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Unhappy with KFOR, Serbs bolster Milosevic

Yugoslav leaders want the Army back in Kosovo. Paramilitaries may be

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In recent days, Yugoslav military leaders have begun harshly criticizing the KFOR peacekeeping mission in Kosovo.

The leaders, pretending as though they were not involved with the killings of thousands of Albanians during the war, have repeatedly said they want the UN to invite the Yugoslav Army to help establish order. Analysts say the situation is indirectly bolstering the Milosevic regime, because Serbs are again uniting around a perceived foreign enemy.

"International peacekeeping forces [under NATO auspices] haven't adequately fulfilled one single task assigned to them by the UN Security Council and the military technical agreement," said Third Army Commander Gen. Maj. Nebojsa Pavkovic on Sept. 12. "If international peacekeepers in Kosovo can't carry out their assignments, they should ask the Yugoslav Army to return."

Major Pavkovic stressed that according to the military-technical agreement signed in June between NATO and the governments of Yugoslavia and Serbia, the Yugoslav military is supposed to return to Kosovo to protect border crossings and cultural monuments.

According to the Serbian Orthodox Church and the Center for Peace and Tolerance in Pristina, Albanian extremists have killed more than 350 minorities since KFOR arrived in mid-June, while another 400 have been kidnapped.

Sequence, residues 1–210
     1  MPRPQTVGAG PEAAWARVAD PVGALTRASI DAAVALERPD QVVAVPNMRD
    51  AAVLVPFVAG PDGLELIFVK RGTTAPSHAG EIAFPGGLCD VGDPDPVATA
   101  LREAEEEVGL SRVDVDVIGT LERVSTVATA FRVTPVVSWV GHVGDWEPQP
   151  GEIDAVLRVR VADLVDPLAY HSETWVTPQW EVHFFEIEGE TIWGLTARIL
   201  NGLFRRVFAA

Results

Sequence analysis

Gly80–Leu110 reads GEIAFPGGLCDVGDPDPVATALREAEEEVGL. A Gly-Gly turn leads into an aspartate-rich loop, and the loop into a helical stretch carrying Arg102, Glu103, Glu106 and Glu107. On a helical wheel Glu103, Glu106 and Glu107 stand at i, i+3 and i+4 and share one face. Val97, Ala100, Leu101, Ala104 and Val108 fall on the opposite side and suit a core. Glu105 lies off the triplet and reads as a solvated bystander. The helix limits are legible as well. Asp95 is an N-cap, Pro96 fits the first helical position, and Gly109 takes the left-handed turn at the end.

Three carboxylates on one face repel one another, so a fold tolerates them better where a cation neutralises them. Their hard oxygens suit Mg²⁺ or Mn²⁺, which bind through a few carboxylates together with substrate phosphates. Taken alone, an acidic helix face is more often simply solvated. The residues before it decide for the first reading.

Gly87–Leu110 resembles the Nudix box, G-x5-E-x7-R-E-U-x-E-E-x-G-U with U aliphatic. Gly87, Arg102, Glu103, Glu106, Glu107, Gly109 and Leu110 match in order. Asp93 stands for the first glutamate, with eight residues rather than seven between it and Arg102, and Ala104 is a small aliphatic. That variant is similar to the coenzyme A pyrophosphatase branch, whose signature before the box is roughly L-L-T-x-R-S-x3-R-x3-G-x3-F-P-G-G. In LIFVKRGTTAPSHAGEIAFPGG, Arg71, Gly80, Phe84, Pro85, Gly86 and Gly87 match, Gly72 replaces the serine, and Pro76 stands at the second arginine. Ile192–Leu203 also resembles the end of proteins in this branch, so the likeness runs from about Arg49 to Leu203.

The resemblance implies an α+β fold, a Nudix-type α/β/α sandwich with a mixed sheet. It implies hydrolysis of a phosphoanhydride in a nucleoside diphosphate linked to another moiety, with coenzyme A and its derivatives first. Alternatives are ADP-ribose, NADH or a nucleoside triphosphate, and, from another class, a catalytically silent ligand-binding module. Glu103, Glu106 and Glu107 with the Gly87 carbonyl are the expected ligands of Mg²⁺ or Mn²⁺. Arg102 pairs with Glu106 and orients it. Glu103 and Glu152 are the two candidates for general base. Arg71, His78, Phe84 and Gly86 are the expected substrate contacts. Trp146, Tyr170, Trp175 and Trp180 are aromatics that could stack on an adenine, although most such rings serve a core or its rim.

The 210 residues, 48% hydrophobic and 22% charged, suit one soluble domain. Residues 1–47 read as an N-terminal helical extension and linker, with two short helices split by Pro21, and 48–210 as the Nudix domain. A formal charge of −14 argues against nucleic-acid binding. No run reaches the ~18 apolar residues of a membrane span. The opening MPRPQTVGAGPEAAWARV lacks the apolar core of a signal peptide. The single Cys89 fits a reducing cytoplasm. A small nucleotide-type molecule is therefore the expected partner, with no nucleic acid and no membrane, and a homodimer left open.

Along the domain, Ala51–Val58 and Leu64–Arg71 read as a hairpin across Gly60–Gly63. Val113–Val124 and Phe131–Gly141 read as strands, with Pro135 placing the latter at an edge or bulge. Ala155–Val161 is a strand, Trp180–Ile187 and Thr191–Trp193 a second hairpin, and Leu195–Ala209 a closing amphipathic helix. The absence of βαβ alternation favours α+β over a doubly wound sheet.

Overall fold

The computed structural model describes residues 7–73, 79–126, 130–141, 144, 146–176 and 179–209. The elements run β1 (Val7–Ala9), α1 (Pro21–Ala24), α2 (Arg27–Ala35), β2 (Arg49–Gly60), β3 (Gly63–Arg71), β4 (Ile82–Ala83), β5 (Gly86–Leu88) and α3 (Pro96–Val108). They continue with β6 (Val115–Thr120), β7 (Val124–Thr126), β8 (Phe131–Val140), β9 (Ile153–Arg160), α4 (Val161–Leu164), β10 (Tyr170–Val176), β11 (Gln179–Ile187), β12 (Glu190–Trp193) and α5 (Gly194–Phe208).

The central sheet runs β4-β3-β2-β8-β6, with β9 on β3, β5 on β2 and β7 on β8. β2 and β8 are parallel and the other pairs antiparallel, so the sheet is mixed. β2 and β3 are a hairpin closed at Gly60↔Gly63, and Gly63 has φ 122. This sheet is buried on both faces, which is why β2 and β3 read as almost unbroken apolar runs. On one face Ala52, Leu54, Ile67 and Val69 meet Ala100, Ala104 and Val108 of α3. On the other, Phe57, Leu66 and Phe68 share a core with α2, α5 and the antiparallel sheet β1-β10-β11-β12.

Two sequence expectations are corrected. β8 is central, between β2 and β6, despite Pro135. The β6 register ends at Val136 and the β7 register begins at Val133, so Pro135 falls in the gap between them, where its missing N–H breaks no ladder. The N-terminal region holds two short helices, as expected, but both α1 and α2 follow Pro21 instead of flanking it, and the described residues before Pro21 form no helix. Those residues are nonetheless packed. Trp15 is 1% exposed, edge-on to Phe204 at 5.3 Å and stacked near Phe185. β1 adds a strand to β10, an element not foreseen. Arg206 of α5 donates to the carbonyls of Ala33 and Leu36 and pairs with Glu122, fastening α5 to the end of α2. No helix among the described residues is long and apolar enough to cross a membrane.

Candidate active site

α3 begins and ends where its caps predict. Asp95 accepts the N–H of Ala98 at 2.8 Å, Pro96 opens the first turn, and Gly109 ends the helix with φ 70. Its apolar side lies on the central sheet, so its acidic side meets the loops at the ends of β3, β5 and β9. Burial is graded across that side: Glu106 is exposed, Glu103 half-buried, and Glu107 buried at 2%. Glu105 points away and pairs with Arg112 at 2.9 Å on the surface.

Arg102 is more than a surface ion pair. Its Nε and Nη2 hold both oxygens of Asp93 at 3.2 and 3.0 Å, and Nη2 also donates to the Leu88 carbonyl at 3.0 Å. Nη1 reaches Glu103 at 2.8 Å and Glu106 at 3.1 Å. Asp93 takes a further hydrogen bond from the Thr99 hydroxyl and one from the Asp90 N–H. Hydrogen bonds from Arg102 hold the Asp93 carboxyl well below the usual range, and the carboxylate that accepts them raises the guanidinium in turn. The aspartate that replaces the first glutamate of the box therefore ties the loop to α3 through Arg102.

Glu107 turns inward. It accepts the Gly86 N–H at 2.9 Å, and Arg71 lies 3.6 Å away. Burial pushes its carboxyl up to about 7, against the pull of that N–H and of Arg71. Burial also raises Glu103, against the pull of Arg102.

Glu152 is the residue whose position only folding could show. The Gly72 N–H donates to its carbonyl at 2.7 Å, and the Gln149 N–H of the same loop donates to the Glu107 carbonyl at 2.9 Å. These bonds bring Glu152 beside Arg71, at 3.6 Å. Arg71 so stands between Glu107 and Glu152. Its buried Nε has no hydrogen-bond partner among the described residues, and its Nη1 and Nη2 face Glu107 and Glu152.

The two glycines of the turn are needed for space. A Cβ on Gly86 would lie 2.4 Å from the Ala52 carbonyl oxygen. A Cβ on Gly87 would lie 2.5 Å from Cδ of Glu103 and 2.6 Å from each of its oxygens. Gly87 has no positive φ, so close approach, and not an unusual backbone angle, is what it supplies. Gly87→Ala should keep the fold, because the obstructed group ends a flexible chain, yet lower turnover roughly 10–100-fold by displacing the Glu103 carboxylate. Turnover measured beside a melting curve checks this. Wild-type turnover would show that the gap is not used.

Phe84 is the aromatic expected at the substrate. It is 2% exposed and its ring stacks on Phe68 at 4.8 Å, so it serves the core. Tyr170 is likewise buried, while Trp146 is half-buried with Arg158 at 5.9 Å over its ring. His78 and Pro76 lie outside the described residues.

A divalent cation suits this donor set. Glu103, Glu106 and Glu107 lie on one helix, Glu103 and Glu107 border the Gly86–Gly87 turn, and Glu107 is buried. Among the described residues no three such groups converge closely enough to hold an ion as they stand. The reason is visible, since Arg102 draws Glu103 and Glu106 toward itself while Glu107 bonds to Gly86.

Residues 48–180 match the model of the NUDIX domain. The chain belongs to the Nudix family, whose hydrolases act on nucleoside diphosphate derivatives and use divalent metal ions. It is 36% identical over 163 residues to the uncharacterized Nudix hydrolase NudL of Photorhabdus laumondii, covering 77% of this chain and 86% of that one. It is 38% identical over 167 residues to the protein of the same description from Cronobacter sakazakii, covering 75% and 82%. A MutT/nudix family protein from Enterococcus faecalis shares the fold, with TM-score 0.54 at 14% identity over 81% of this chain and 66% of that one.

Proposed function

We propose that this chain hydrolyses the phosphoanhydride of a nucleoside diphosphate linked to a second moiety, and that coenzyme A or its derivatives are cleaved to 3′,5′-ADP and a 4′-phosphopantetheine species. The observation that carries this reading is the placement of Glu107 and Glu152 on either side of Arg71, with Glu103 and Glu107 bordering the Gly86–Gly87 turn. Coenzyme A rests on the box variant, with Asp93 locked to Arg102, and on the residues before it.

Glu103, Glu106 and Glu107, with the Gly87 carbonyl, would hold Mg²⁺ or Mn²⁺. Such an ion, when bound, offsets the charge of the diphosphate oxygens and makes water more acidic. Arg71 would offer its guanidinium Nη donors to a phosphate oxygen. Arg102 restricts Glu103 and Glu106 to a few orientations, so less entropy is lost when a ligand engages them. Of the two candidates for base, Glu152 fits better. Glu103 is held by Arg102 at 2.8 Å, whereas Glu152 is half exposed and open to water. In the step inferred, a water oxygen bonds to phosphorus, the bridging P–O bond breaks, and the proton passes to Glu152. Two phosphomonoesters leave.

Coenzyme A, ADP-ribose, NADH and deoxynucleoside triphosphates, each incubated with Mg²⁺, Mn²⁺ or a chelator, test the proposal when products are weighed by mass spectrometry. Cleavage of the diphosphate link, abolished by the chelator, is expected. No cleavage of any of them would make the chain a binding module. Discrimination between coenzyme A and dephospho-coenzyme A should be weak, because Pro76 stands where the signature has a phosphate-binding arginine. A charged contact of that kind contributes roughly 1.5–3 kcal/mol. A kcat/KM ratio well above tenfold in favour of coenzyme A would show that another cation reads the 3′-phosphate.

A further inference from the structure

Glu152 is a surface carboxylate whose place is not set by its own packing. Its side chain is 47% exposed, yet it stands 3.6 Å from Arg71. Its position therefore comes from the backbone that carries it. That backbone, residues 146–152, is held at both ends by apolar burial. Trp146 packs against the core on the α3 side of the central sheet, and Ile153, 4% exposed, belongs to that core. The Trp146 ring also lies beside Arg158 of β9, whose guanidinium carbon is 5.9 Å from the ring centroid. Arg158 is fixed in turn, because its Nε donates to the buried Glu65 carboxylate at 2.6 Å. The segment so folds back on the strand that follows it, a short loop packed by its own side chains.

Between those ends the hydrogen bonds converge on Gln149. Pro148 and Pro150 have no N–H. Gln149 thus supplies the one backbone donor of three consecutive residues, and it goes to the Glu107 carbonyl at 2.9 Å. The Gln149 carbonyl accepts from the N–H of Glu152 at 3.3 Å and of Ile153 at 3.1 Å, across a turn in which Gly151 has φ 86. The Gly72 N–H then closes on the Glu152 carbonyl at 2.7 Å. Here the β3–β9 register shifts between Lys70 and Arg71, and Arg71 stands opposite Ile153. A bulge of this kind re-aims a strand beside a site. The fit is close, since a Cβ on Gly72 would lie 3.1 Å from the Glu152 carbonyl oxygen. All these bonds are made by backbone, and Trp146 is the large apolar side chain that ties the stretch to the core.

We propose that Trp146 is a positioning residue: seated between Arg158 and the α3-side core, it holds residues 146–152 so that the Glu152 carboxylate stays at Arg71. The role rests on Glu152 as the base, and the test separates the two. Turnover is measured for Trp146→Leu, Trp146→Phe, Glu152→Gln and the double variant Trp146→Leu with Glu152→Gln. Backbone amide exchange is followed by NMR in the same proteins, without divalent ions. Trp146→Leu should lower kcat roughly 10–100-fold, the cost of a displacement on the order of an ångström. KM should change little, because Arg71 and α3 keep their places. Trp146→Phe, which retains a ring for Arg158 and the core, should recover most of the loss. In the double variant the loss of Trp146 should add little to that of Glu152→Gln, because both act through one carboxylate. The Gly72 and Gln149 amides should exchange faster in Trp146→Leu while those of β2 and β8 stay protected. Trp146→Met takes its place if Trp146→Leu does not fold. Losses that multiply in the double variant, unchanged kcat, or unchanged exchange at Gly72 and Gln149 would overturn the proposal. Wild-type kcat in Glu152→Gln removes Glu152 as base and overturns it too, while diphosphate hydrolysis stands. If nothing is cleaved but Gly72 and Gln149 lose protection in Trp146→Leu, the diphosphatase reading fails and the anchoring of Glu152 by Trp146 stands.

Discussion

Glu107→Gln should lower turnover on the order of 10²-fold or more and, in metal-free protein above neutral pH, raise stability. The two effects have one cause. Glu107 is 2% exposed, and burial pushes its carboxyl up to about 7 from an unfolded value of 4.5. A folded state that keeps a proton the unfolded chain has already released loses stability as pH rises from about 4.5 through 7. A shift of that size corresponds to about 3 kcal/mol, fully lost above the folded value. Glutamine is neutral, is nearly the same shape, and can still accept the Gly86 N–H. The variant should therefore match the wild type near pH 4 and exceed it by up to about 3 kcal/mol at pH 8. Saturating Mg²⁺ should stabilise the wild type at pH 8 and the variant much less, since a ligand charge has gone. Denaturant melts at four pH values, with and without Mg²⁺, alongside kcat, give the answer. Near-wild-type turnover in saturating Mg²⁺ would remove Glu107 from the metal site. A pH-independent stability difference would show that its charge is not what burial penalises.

A disproportionate number of the victims are elderly Serbs. About 130,000 Serbs have left Kosovo since the Yugoslav Army pulled out in mid-June, while 97,000 remain there.

"The violence in Kosovo serves [Yugoslav President Slobodan] Milosevic," says historian and Milosevic observer Alexander Djilas. "It compromises the West and the pro-Western Yugoslav opposition. Now that they're allowing the annihilation of everything Serbian, the West's initial reason for fighting the war seems spurious."

Mr. Djilas and others note that initially, the lost war worked against Mr. Milosevic, but then the country entered a new phase of ambiguous loyalties, where Milosevic's worldview is somewhat vindicated.

Journalist Dragoljub Zarkovic writes in the opposition weekly Vreme: "As each day brings more news of the desperate situation of Serbs in Kosovo, [Milosevic's] war against the entire world appears less like a bad or insane move."


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